Need help with first deal

9 Replies

Not sure what info is needed but check out the below and let me know what you all think. What am I missing? Thanks so much!

3br 1 bath 870 sq ft single family in Richmond, va

Listed for $65k (my agent expects a sale price closer to $70-$75k)

Approx $2000 for repairs and improvements

Rent $1100-$1200

30yr Mortgage, tax, insurance approx $425/month

Management fee & and repairs approx $330/month

Cash flow- approx $350

Rookie here, looking at comps in the area, the other 3 beds with low sq footage are older homes. So, I'd double check your repair and improvement number. Second, make sure you check the rent number with multiple sources (management companies, craigslist, or drive neighborhood). Yours would likely be the smallest 3 bed available for rent. That's all, I'll let other chine in.

870 sq ft and it has 3 bedrooms and a bath? interesting

I think you are missing vacancy projection.

Using the 50% rule, you'd cash flow about $175 with rent of $1200/mo or $75 with rent of $1100/mo.  Just a guesstimate. 

@Rob MacSwan - You have some good advice on here. Someone took a look at the local comps (kudos to @Ronald Martin ) and made a good point that your estimated repairs may be low.

Out of curiosity, where did you come up with the $2000 repair and improvement? Will you be doing the work yourself? What all were you including in this (paint and general cleanup?)? For an older home, $2000 might be low unless if it only needed some lipstick. What is the age of the roof, water heater, furnace, etc?

It looks like you used roughly 10% for maintenance, repairs, and CapEx (guessing that's where the $330/month came from) - if so, you're on the right track for estimating expenses. The only thing missing is vacancy.

I would strongly suggest taking another look at the age of the property and determine whether you should increase the percentage for maintenance and CapEx if you expect any of the big ticket items to wear out in the near future (5 years or less).

What I would do:

Determine age of the home and have an inspection done if you aren't experienced. From that, get an estimate on how much repairs and improvements will cost. 

Determine how much CapEx and maintenance you should set aside per month (percentage of income). 10% is a good starting point for each, but consider increasing that percentage based on the age of the property.

Find out how much rent will be. I use RentOMeter or RentJungle to find these numbers.

Decide how much cash flow you want to see

Back-calculate the purchase price based on the above data. Maintenance, CapEx, taxes, insurance - these are all "set" values that you shouldn't play with in order to "create" income. Yes, you can increase cash flow by decreasing CapEx savings. Don't do it. Instead, you can increase cash flow by decreasing your financing payments - decrease the purchase price, find a lower interest rate, etc.

Unless if there are major issues with the inspection, this could be a good property to purchase. You'll have to do a little legwork to decide what the purchase price is.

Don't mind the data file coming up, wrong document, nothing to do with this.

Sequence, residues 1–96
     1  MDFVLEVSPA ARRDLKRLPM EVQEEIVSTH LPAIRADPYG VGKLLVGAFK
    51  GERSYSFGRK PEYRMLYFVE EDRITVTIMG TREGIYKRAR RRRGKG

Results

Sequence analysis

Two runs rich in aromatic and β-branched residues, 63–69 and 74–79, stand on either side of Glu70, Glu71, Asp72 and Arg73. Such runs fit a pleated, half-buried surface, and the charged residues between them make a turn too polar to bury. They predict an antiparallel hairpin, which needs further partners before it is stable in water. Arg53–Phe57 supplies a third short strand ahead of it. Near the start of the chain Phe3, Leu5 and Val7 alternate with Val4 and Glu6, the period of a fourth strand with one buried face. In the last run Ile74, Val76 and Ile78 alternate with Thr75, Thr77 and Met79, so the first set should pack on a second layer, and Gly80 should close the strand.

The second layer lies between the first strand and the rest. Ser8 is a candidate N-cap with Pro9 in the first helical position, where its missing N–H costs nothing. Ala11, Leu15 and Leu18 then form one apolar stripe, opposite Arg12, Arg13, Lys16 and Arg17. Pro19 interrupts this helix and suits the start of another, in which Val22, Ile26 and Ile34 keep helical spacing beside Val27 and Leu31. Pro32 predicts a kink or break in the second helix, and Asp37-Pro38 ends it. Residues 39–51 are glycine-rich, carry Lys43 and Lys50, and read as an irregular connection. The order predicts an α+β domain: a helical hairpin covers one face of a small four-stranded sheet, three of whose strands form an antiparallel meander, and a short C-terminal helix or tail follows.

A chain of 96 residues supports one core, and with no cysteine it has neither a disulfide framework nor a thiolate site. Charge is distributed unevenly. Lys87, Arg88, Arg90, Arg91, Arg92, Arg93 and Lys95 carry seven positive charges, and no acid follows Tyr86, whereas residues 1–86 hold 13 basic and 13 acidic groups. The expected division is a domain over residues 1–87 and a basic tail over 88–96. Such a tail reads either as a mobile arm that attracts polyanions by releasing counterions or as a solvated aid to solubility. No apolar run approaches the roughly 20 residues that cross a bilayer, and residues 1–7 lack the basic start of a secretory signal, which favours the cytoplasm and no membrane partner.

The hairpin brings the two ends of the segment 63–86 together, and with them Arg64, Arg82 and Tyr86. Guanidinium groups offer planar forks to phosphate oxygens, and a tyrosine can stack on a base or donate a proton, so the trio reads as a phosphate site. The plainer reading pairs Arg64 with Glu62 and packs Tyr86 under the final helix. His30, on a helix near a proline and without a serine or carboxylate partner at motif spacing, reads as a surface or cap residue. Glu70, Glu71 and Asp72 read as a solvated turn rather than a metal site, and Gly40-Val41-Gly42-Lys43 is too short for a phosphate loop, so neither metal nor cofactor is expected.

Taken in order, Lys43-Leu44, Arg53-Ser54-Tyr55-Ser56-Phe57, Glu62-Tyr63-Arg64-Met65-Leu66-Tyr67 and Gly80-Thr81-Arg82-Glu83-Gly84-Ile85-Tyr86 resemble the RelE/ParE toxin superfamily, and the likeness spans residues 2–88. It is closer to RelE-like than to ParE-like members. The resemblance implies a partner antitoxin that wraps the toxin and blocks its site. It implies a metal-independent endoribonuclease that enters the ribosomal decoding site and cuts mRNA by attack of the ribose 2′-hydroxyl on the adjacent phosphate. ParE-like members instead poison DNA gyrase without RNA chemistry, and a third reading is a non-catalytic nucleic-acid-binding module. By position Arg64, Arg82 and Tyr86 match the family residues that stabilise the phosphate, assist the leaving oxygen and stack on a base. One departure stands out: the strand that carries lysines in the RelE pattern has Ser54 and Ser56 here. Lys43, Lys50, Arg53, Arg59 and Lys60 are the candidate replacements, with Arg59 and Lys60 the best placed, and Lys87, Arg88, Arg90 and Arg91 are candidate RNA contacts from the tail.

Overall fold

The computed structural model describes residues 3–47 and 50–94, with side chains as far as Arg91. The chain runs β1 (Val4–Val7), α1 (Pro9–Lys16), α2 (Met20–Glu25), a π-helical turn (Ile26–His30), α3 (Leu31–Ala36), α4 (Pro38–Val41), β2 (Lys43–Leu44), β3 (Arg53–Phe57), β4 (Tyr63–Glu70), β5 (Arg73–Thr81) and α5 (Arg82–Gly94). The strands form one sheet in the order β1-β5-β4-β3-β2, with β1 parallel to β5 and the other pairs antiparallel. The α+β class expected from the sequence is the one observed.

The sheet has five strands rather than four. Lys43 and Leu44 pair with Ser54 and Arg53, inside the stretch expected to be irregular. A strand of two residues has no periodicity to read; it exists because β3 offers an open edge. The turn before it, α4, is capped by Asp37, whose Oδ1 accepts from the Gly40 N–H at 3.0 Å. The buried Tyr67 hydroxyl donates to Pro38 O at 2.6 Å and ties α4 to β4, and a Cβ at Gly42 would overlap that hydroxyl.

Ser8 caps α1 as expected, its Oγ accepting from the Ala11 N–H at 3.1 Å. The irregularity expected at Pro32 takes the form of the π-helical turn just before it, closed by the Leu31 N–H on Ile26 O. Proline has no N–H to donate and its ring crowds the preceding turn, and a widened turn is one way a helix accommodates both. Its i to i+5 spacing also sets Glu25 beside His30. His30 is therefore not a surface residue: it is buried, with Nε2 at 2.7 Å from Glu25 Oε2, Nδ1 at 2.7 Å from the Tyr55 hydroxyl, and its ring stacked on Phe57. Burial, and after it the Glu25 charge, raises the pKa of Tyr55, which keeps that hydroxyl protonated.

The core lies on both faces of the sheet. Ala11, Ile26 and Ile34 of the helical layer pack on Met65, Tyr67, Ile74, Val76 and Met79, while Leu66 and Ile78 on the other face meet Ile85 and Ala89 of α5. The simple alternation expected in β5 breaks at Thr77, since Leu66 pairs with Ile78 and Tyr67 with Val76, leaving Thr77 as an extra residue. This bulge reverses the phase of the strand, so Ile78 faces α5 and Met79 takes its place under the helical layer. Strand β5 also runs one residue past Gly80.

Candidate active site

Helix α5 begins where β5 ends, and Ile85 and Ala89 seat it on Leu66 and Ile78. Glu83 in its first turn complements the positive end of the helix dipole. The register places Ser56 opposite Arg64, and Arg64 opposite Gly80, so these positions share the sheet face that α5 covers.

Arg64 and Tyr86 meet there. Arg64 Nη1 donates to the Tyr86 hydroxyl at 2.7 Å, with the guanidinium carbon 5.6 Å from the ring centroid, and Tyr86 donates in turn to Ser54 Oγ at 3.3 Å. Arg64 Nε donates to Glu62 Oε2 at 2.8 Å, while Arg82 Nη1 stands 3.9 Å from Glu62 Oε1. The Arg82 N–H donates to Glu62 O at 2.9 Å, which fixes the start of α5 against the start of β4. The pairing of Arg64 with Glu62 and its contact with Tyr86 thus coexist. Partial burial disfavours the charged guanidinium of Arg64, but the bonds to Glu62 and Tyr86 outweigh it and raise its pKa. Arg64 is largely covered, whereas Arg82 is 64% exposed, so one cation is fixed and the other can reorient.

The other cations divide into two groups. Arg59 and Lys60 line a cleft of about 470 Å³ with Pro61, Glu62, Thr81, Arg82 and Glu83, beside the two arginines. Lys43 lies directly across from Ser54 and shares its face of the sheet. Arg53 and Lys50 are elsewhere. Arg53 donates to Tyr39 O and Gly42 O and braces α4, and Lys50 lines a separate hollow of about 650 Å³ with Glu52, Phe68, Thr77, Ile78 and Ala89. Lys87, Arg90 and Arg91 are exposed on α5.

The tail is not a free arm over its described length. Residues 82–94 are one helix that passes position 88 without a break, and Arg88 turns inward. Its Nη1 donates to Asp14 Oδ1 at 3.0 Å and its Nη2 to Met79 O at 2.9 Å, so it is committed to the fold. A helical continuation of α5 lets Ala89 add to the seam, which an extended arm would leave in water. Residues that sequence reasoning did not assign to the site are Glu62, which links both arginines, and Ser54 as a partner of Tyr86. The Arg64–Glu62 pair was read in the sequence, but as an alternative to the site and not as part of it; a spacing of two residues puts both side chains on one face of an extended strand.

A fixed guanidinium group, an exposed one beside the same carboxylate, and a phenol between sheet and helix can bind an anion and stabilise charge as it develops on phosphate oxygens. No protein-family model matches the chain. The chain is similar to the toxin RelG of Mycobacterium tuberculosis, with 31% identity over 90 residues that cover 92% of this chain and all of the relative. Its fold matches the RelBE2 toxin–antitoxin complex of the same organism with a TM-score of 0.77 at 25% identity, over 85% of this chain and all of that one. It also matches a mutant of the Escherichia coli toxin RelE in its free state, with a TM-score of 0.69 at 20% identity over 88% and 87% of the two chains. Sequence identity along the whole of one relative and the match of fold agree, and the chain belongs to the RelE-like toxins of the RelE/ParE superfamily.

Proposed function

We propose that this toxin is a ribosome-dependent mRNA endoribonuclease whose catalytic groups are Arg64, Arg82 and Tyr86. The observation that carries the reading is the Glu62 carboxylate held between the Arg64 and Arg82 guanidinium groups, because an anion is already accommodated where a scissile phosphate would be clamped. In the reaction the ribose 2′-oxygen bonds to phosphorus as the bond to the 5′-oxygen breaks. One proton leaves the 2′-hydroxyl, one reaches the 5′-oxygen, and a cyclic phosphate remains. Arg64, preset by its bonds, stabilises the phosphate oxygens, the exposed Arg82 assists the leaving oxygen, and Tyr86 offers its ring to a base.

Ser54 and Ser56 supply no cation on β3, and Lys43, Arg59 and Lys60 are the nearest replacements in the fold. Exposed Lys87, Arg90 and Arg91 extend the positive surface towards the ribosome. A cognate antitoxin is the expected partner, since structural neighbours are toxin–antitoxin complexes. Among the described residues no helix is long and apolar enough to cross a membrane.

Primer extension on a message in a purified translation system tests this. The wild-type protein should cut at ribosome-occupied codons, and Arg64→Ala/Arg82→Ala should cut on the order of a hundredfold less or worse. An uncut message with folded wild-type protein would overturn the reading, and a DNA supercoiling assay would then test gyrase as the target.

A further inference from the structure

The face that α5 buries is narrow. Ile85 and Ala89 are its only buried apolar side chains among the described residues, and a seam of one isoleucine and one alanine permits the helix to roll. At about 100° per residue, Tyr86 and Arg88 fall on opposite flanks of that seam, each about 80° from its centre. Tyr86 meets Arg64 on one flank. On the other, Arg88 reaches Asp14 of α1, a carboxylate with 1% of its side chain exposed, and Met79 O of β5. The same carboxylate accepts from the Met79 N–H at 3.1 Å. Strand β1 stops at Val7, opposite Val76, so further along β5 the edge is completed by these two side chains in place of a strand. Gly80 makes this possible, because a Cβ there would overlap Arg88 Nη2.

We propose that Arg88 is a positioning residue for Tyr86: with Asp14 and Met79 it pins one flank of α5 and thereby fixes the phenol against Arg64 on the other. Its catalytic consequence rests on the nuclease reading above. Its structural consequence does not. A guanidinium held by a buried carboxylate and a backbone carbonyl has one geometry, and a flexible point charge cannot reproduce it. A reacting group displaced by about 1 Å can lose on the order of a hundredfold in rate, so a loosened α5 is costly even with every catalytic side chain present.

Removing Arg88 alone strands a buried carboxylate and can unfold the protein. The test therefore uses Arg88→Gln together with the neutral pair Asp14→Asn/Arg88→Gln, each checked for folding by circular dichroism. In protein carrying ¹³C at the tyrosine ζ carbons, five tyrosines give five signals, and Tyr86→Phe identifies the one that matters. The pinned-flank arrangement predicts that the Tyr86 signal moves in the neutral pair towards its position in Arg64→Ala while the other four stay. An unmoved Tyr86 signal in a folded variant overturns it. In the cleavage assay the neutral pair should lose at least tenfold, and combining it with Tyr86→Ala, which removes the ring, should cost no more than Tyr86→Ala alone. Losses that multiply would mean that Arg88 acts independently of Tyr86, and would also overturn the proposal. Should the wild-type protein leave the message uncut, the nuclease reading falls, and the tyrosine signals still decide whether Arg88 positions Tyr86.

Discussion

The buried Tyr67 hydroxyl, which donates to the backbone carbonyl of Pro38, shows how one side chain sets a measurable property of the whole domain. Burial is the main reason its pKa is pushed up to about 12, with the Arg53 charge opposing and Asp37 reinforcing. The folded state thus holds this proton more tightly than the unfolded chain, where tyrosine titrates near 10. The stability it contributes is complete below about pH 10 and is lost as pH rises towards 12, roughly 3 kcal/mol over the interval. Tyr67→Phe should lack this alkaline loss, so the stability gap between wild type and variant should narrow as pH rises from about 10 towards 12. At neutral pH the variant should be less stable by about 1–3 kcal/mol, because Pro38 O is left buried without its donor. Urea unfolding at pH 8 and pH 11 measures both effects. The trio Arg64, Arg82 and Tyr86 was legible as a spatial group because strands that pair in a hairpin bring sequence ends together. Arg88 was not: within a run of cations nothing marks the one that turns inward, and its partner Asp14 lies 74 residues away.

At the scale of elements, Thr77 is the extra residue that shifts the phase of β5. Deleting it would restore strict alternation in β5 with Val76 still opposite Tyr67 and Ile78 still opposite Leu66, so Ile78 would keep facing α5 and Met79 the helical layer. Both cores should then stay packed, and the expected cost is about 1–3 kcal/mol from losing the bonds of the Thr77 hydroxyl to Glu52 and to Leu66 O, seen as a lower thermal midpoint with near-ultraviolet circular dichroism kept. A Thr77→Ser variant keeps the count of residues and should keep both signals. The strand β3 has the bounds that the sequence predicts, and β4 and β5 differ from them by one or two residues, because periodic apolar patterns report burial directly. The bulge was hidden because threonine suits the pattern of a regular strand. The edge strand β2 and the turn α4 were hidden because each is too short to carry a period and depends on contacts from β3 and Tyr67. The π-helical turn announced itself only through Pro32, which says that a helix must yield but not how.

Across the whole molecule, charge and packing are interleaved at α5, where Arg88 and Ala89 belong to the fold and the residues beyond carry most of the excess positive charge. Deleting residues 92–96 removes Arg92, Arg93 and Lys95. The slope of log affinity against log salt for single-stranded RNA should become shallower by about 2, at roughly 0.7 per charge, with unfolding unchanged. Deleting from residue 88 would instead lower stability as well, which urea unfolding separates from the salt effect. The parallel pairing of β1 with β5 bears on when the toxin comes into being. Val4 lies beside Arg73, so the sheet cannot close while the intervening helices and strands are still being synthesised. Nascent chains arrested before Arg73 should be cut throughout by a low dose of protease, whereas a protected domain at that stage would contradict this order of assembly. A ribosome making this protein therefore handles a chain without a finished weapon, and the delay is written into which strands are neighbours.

Thanks for the feedback everyone. Looks like repairs will be closer to $4k. Have no idea on cap x until I do the inspection. Nothing jumps out to the eye. Confirmed $1150-$1200 rent is competitive in the area. My agent told me vacancy might be a couple weeks at worst.

I put in an offer for $70k. Apparently there are multiple offers. Let's assume my offer is accepted and I have to spend a little on cap x. How much in cap x is tolerable before this deal becomes a poor investment?

@Rob MacSwan Well to decide if this is a poor investment there is one key thing we are missing. How much are you putting down? When we know that we can determine your ROI (which in my opinion is a lot more important than just overall cash flow). If you only put down 10% and you cash flow around $100 a month, then you are looking at an ROI of about 14% which isn't too bad, however if you put down 20% and cash flow the same $100, well then your ROI is only 7%.. Which is not good in real estate.

Putting down 20-25%. Haven't decided yet. 20% for 5% interest or 25% for 4.75% interest. Don't know if the 25% is worth it. Thoughts? Thanks!

Check the plumbing. What part of town is this in? 

Price makes me think North of 9 Mile, or Southside near McGuire. You can get $1000-1200 section 8 in these neighborhoods.

Vacancy calculate 5%. Assess the life that the roof has on it. What's the exterior material? Wood siding is more costly to repair than vinyl or brick (in your cap ex estimates). Is the electrical updated? Does it have central heat/air? Laundry? For the higher rent in the lower neighborhoods, I find these features are paramount; especially the laundry amongst these types of tenants.

Again, I'm not sure what neighborhoods your talking, so this applies to southside or north of 9 mile, etc because those are the rental markets that I know.

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